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1099's - Mutual Fund Short Term Capital Gains
Old 02-13-2019, 09:16 AM   #1
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1099's - Mutual Fund Short Term Capital Gains

Looking at our end-of-year data, several of our MF's had short-term CG distributions.

But looking at the 1099's on these same MF's, "Capital Gains Distributions" are listed as a single line item.

Since LTG and STG are taxed very differently, how is our CPA (who just gets the 1099's) expected to know which is which?

Thanks, Amethyst
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Old 02-13-2019, 09:28 AM   #2
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Short-term cap gain distributions are reported as ordinary dividends and will be included as part of box 1a on the 1099 form.
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Old 02-13-2019, 09:30 AM   #3
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My faint recollection is that short-term capital gain distributions are combined with income dividends in boxes 1a and box 1b... qualified dividends... would exclude short-term capital gain distributions... so short-term capital gain distributions effectively end up in non-qualified dividends and are taxed at ordinary tax rates and box 2a is only long-term capital gain distributions.
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Old 02-13-2019, 09:35 AM   #4
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Thanks, I think I understand now. STG and "non-qualified divs" are treated the same for tax purposes, so no need to break them out on the 1099.
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Old 02-13-2019, 09:39 AM   #5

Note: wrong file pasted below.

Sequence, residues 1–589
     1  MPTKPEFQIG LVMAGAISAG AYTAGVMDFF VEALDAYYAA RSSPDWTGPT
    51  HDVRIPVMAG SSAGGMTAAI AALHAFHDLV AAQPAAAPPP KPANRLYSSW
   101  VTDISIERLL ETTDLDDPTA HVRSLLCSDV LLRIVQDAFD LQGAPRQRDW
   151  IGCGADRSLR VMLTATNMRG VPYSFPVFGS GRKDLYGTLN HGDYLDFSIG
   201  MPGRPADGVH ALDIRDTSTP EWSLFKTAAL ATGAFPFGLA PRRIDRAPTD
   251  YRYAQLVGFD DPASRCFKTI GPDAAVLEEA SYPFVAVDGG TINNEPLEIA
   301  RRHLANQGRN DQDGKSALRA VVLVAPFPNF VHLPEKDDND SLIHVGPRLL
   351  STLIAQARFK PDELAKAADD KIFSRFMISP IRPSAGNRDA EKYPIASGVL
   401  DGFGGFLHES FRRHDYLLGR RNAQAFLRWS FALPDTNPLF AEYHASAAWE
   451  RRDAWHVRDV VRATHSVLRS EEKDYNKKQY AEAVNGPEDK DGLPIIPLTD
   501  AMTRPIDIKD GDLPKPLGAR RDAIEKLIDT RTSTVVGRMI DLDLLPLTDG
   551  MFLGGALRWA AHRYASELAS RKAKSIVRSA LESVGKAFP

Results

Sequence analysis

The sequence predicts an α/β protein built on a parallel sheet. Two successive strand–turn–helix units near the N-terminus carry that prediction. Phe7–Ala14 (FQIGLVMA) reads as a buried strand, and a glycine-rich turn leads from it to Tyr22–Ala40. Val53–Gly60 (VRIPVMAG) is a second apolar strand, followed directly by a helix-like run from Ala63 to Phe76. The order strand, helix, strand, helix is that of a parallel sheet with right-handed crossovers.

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You got it.
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Old 02-13-2019, 09:50 AM   #6
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One question: Do the MF companies also include the "interest-like" dividends, such as from money market mutual funds, in the "total dividends" box? So STG's and MoneyMarket divs are all mixed up in there?
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Old 02-13-2019, 09:52 AM   #7
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Just to clarify: I'm trying to use an on-line tax calculator, which asks for STG's, LTGs, taxable interest, dividends, and qualified dividends. I did an initial calculation at year's end, and now am trying to use my 1099's. Hence the confusion grrrr.
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Old 02-13-2019, 10:03 AM   #8
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Quote:
Originally Posted by Amethyst View Post
One question: Do the MF companies also include the "interest-like" dividends, such as from money market mutual funds, in the "total dividends" box? So STG's and MoneyMarket divs are all mixed up in there?
I think so... like dividends from a bond fund would be included in total dividends (box 1a), but not included in qualified dividends (box 1b) so tey end up as non-qualified dividends and subject to ordinary rates.
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